I’m selling my pc I built in 2015. It’s been wiped to factory reset. Not sure about the operating system as when I wiped the pc it booted to windows. You may need a code (can find one for few £ online) or may not.
The cable management is very poor, but doesn’t affect performance.
As components can be damaged easily in transit, and because I lack the specific packaging to keep it safe, This will be collection only
Specs: Asus h81m-plus motherboard (micro ATX) Intel core i5 4460 (quad core) Asus strix Nvidia gtx 960 GPU Cooler master cm storm enforcer case (front glows red) also have 200mm red LED ceiling fan Samsung 840 pro ssd 240gb Seagate 2tb hard drive Novatech 700w power supply 8gb ram (single channel) I believe it’s hyperx black Lg blu ray drive
Geoffrey Brown was sure finance was where his career was headed, until his mother-in-law became ill. That’s when he witnessed firsthand the “support and compassion” with which she was handled by the healthcare industry.
Brown, who had an IT career in banking, started volunteering with the same hospice program that helped his mother-in-law, until his involvement grew and he was eventually offered the position of healthcare CIO at Georgia Baptist, now Tenet Healthcare. Thirty-five years later, Brown is now CIO at Piedmont Healthcare in Atlanta where he said he plays an increasingly strategic role. That includes keeping an eye on technologies he thinks will have a significant impact on healthcare, specifically artificial intelligence and blockchain.
In this Q&A, Brown discusses how thehealthcare CIOrole has changed from an organization’s technical expert to leader of strategic initiatives, as well as what he thinks the CIO role will look like in the future.
How did you get your start in health IT?
Geoffrey Brown: I was already in the banking, finance industry, and that’s where I thought I wanted to go. But my mother-in-law, who was a nurse, was diagnosed with breast cancer. I was a young husband, and my wife and I made a decision to do home hospice care, and that whole experience with the visiting nurse and the doctors that came and the network of clinicians that supported her was something new to me. I had never been around that kind of support and compassion and it affected me. After she passed away, I decided to become a hospice volunteer.
In the financial industry, we had access to all types of technology. I was a programmer, so I automated some of my reporting back then. The director of the hospice program asked if I could do some of that work for the hospice program and that was my entry point. Back then you had to write programs; you couldn’t buy these systems off the shelf.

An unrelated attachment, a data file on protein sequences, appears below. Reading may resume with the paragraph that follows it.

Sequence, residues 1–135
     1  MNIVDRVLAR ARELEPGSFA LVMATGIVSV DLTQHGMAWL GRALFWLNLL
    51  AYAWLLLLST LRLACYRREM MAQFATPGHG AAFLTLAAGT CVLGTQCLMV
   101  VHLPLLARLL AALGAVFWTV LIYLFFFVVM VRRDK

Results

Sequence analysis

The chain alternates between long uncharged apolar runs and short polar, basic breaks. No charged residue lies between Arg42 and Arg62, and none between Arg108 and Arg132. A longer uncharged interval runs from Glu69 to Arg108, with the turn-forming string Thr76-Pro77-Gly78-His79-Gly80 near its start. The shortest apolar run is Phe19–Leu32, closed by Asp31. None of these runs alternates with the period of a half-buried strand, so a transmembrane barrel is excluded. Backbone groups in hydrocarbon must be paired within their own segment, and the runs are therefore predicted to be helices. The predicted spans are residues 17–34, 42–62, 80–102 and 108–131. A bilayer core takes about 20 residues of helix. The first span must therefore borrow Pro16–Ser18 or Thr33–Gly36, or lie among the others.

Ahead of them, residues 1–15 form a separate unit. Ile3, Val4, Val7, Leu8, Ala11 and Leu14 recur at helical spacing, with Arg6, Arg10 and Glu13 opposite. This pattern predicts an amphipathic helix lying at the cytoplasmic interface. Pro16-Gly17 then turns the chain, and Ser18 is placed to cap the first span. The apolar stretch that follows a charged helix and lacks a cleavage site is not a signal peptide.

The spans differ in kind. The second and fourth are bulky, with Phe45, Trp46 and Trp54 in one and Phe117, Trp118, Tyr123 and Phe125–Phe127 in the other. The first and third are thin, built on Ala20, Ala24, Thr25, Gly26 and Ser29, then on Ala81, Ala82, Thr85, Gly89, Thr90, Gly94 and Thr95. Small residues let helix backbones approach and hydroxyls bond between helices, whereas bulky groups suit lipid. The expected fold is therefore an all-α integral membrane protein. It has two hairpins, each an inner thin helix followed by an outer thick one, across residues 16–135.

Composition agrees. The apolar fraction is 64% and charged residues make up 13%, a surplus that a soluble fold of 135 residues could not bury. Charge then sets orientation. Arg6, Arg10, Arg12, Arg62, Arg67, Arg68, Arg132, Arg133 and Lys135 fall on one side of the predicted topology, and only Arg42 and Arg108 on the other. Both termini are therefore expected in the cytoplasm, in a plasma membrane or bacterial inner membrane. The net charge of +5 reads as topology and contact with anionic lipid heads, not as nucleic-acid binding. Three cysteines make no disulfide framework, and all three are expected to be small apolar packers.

How has the role of healthcare CIO changed?
Brown: In the early days, you were probably the most knowledgeable person in your organization around any form of technology. How you were promoted back then and the way you rose up was by being someone who was capable of understanding the technology and working with engineers and the programming, network-type staff, yet able to translate information to the business teams and the operational staff in an effective manner. Fast forward a few years, and as technology became more intertwined with healthcare, the role shifted from being tactical to strategic. Now, you’re in a more visionary, strategic, planning role and you have to be able to put teams together to execute on those visions, strategies and plans.
What challenges do healthcare CIOs face today?
Brown: There are three different areas that jump out to me. One is we’ve got to do things that ensure productivity, that we are bringing the right technologies into play to drive our services and provide consistency with how we formulate things — from our clinical workflow processes, so that we have standardized processes that are repeatable, all the way through our revenue cycle for billing and collection. You have to stay current and make sure you’re providing the latest access to systems and technologies for staff to be efficient in the work that they do.